And I would do a similar thing for the minimum value. I could average the difference between average and the max and the average and the min. (I will put these calculations in a spreadsheet for you).

What about the volume of a sphere? This same thing is used for calculating things such as - the volume of the sun or the volume of a spherical cow. Here is the volume of a sphere:


These two uses of Pi seem boring - but really this is the basis for many applications of pi. There are tons of others, but they are maybe more abstract (but just as important). Now, on the to the spreadsheet. I will put in some values for the stuff, but you can change them if you like.

Note - I don't know how to change the number of digits presented in google docs. Also, I seem to have hit a creative wall with uses of pi. How about you list your favorite use of Pi in the comments?

More like this

I'm old enough to remember the first pocket calculators, which had four-function arithmetic only, no trig, no logarithms, no pi. For any practical application, 355/113 would serve.

My favourite use is definitely eating, a close second is using one for a cheap gag.

(sorry, had to be done)

By aineolach (not verified) on 13 Mar 2010 #permalink

Nine decimal places. In fact, on most pocket calculators I still find it quicker typing 3.141592564 than finding the intrinsic pi function.

Short excerpt from Surely you're joking Mr. Feynman:

So Paul (Olum) is walking past the lunch place and these guys are all excited.
"Hey, Paul!" they call out. "Feynman's terrific! We give him a problem that can be stated in ten seconds, and in a minute he gets the answer to 10 percent. Why don't you give him one?"
Without hardly stopping, he says, "The tangent of 10 to the 100th."
I was sunk: you have to divide by pi to 100 decimal places! It was hopeless.

I can't think of any problem I've needed more than three decimal places, and GPS receivers use maybe ten or twelve I think. Very Long Baseline Interferometry might need more precision - I don't know. Past that, it's the mathematicians I guess.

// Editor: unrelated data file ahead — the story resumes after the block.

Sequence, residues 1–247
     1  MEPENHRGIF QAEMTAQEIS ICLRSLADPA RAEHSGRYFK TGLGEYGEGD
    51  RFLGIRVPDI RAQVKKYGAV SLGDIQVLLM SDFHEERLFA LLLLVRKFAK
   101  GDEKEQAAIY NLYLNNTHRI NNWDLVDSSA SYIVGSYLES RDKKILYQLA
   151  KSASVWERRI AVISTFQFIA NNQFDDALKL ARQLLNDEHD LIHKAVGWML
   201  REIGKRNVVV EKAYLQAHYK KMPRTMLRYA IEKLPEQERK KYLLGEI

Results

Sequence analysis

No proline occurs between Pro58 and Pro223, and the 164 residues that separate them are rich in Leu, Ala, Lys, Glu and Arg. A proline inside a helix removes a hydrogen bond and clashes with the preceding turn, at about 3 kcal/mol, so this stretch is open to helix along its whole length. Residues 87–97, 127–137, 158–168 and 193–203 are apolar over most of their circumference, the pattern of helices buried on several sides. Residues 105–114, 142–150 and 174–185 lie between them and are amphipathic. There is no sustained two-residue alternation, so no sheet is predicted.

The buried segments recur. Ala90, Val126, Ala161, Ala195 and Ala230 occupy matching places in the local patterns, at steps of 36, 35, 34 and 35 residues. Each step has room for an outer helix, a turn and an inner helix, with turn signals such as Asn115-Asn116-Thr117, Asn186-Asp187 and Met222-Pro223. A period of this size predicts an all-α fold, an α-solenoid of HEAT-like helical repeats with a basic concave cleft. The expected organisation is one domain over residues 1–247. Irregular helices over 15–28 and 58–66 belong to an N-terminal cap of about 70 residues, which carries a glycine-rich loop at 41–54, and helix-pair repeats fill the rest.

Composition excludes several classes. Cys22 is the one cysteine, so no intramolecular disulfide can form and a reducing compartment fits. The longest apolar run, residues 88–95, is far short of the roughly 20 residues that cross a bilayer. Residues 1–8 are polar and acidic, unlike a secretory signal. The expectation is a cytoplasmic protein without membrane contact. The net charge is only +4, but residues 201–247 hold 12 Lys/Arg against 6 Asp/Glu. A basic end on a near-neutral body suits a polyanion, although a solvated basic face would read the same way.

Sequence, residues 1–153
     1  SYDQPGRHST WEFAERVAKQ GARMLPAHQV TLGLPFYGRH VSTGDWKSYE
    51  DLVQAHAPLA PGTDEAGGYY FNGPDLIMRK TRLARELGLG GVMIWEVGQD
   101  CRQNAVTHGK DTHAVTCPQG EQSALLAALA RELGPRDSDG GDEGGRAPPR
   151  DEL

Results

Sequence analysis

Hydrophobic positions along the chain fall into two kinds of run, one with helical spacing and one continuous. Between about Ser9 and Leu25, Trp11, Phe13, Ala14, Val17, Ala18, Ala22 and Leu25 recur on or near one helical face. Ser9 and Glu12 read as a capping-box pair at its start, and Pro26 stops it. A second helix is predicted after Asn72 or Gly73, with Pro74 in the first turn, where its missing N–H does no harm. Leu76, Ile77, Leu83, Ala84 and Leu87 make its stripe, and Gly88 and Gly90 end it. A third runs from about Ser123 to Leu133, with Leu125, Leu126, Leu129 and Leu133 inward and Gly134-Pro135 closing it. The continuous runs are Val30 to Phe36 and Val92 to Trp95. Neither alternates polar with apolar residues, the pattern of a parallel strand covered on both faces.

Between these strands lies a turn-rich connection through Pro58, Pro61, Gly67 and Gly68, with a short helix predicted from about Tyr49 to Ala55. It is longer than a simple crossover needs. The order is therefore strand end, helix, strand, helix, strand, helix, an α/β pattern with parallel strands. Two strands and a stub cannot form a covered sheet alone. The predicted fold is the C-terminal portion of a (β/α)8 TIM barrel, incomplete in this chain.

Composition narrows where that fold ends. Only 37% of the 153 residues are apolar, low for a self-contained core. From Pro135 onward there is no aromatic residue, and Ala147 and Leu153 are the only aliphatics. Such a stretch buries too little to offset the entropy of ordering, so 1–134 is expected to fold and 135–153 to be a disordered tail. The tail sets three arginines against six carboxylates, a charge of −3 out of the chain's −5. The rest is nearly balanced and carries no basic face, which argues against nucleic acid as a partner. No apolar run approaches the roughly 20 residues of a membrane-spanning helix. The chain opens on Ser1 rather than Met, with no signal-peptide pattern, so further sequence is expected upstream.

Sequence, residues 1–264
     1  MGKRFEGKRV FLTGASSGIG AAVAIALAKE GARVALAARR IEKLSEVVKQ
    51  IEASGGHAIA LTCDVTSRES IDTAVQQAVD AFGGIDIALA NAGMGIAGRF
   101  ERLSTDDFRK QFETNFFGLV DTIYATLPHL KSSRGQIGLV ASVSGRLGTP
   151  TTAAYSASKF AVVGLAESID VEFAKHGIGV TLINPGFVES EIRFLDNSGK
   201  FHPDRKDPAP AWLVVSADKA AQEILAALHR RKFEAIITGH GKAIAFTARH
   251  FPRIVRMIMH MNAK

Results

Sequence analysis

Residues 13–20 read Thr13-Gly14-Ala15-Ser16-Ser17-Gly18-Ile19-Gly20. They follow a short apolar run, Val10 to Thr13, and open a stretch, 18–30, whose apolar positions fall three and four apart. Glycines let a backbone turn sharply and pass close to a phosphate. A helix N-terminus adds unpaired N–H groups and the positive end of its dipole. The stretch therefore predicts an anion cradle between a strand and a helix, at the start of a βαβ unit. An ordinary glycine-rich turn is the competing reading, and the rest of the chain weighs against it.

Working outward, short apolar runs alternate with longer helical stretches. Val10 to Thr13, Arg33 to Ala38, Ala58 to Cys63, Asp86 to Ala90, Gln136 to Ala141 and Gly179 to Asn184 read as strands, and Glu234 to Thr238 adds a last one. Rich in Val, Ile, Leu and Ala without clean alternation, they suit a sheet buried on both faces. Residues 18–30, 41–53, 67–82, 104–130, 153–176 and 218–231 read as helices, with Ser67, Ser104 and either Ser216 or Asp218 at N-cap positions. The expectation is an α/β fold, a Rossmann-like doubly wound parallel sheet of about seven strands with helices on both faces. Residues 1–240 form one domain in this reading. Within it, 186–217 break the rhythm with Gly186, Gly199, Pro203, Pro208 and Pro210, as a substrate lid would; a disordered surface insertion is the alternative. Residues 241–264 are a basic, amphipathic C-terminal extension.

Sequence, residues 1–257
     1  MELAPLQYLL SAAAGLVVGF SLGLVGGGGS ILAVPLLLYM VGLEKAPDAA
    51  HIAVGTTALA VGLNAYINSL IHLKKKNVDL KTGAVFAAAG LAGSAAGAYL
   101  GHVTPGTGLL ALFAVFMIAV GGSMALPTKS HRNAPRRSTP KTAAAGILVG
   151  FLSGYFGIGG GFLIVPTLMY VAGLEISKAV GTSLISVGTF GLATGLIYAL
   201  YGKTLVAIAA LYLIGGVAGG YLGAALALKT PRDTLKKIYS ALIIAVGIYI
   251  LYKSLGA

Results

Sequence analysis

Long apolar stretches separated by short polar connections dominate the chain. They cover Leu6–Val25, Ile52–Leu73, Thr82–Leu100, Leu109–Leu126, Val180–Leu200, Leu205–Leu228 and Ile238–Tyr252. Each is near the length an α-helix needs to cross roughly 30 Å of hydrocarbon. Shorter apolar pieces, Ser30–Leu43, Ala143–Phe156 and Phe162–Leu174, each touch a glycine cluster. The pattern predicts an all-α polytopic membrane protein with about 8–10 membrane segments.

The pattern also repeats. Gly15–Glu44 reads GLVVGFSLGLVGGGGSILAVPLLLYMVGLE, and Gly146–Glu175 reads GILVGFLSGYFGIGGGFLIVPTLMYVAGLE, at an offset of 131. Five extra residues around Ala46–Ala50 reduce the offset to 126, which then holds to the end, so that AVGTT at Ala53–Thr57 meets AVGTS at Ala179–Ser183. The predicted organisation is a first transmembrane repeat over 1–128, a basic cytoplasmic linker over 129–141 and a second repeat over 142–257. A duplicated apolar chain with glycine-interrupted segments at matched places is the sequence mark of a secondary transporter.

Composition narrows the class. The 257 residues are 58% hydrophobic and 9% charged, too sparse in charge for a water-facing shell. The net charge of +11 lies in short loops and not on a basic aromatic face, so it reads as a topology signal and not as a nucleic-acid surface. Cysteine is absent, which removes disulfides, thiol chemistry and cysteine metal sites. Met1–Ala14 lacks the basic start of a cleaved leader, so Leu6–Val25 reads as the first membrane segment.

From your snopes link:
Though the claim about the Alabama state legislature is pure nonsense, it is similar to an event that happened more than a century ago. In 1897 the Indiana House of Representatives unanimously passed a measure redefining the area of a circle and the value of pi. (House Bill no. 246, introduced by Rep. Taylor I. Record.) The bill died in the state Senate.

lordaxil stated "Nine decimal places. In fact, on most pocket calculators I still find it quicker typing 3.141592564 than finding the intrinsic pi function."

I suggest it would be more accurate if you typed 3.141592653.

Long ago, I calculated the maximum precision required to measure the circumference of the visible Universe to maximum possible precision.

As far as I remember, it was about 80 digits.

By Alex Besogonov (not verified) on 14 Mar 2010 #permalink

I like the idea of using normally distributed errors to represent uncertainty in pi, since the normal distribution depends on pi for its normalizing constant.

If an irrational number cannot be written as a simple fraction, is it proper to suggest that "the most basic explanation of Pi is that it is the ratio of the circumference to the diameter for a circle"? Or if that definition is correct, does it then follow that a diameter or a circumference cannot be a rational number?

A lighthearted pi-related blog post of mine from a while back continues to be popular with commenters. In it, I explore some of the consequences of trying to imagine a reality where pi=3.

One of the best search terms that anyone's ever used to find my blog was something like: "Is pi + pi equal to 3pi". I think that one's best left to the professionals (mathematicians or psychiatrists, you decide).

Or if that definition is correct, does it then follow that a diameter or a circumference cannot be a rational number?

They can't both be rational, a finding that was a source of great annoyance to Pythagoras.